Table 4 has the ICC, SEM, and SDC of the 4 subscales of the AIMS. The ICC in supine position is lowest (0.94 item). The SEM is highest in prone position (0.79 item) as is the SDC (2.19 items). This subscale consists of 21 items, the largest amount of the 4 subscales.
Inter- and Intrarater Reliability AIMS Video Method
An ICC of 0.99 on the total raw scores between 3 testers indicates a high interrater reliability of the video method, the average SEM of 0.92 item on the total raw score of the AIMS. The SDC was calculated to be 2.55 items. The intrarater reliability of the video method had an ICC on the total raw score of 0.997 (range: 0.995-0.998). The SEM was 0.96 item and the SDC 2.66 items.
Fifty-one questionnaires were completed by the parents (86% by mothers). Almost 75% of the study sample had advanced education. Mean total time for completing instructions and filming was 36.4 minutes (standard deviation = 21.33; range: 5-90). Seventy-eight percent of the parents reported that their child demonstrated optimal motor performance or had new motor behavior. According to 94% of the parents, recording their infant's movement repertoire was easy to perform. Ten percent of the parents had doubts about sending a video of their child to professionals. In 96% of the cases, parents reported that making a home video was easy.
The results of this study support high degrees of agreement between an assessment based on a video recording made by parents and a simultaneous live assessment of the gross motor repertoire of an infant. The reliability of the video-recording method itself was evaluated as good; both inter- and intrarater reliability had large correlations. The conclusions on the feasibility of the video method for parents are positive.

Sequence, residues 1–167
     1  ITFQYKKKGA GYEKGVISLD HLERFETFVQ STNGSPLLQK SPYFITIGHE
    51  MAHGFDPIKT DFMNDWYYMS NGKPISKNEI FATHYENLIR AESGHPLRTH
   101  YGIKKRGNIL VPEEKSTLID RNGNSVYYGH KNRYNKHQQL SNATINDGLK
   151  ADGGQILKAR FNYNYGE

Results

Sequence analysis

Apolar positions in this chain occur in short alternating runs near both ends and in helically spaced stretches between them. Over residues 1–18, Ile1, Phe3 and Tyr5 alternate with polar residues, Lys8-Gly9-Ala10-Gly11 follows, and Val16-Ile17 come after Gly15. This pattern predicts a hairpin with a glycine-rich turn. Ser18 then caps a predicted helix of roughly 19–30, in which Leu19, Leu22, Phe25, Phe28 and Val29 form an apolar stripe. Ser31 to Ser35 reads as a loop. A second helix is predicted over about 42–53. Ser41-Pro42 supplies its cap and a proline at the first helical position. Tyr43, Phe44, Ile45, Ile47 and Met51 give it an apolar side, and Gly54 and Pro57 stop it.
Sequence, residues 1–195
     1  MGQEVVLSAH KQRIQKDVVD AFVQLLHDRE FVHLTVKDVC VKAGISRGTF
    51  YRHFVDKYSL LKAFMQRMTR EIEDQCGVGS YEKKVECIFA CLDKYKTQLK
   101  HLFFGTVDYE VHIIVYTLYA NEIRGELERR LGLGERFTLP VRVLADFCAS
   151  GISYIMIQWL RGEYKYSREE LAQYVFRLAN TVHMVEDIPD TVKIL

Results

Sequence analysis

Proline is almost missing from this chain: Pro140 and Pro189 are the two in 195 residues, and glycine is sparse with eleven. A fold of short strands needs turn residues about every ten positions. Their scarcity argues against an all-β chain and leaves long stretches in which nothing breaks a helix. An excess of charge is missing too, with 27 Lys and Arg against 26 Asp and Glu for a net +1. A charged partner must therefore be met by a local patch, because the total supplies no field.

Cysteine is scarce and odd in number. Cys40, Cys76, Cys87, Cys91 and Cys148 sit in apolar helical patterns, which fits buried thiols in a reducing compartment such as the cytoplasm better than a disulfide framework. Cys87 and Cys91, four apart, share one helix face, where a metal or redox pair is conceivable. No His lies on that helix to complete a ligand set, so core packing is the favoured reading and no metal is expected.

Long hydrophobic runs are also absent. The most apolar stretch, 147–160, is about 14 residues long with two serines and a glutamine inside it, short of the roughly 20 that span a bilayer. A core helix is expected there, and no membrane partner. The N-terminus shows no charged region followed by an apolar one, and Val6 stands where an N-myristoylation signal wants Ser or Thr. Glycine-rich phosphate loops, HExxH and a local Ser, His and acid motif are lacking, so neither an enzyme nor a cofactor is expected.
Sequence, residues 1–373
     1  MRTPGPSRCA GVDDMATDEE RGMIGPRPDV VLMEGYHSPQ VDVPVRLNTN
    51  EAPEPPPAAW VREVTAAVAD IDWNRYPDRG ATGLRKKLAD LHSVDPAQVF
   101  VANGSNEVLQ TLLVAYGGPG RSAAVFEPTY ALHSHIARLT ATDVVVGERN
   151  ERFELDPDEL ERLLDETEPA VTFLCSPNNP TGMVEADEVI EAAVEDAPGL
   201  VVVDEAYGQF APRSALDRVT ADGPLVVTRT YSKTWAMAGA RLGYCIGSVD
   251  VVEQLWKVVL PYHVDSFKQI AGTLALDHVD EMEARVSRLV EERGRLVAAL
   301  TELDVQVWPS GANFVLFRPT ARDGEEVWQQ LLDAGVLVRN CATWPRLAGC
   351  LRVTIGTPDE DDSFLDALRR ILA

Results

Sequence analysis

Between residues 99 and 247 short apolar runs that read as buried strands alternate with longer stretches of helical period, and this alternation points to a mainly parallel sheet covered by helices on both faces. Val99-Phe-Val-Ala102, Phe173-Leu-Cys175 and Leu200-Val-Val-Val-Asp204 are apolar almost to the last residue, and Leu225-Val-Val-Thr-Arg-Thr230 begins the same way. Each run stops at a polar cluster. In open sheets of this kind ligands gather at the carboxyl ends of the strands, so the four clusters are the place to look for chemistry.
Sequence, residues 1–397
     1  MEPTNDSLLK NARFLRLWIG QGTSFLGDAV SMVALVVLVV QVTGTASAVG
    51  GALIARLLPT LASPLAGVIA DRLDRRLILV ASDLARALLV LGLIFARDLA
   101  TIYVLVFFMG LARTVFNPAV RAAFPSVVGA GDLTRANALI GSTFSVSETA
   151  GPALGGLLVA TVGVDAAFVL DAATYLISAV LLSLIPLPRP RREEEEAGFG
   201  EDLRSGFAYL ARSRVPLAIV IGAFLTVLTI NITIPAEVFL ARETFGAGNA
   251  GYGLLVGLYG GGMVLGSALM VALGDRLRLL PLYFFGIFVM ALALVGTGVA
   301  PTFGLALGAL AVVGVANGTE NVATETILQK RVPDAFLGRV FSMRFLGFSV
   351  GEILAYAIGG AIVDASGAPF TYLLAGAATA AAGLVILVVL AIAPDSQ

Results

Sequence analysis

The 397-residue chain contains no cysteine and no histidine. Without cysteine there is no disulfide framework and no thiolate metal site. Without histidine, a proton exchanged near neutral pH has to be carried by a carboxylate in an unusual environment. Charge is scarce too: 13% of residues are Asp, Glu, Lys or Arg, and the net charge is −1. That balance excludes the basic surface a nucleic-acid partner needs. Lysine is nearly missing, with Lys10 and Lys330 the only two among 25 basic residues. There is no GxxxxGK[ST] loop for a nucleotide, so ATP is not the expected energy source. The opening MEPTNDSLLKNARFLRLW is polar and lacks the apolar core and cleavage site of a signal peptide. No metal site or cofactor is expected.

One of the most important findings in this study is the lack of a systematic difference in the total raw score between the video and the live observation scores, and no difference in the 4 subscales or in the 3 age groups. Scores obtained through video assessments were in general slightly higher than the live assessments (+0.46 item). In age group 2, ICC is the lowest (0.89 item) whereas the MD scores are the highest (1.25 item). This finding does not correspond with the ICCs that were found in the reliability study of the original AIMS,1 where correlations were lowest in the youngest and oldest group of infants who performed fewer items. The lower correlation in age group 2, in the present study, is likely the result of a small sample (n = 12). The ICC of the subscale supine is slightly lower (0.94 item) than the other subscales. This might be due to the fact that this subscale consists of only 9 items.
Because there are no guidelines for an acceptable SEM, it has to be defined a priori according to the unit and purpose of the measurement. Before the study, a clinically acceptable SEM for the AIMS was set at 1 to 2 items. A SEM of 1.41 items meets this criterion. In the reliability study of the original AIMS,1 the SEM was found to be 1.01 on the interrater reliability with 2 trained testers being present at 1 occasion, where the primary assessor was administering the test and the other was observing. The interrater reliability, in the present study, compared the live and video observation made by parents and rated by different testers resulted in an SEM of 1.41 items.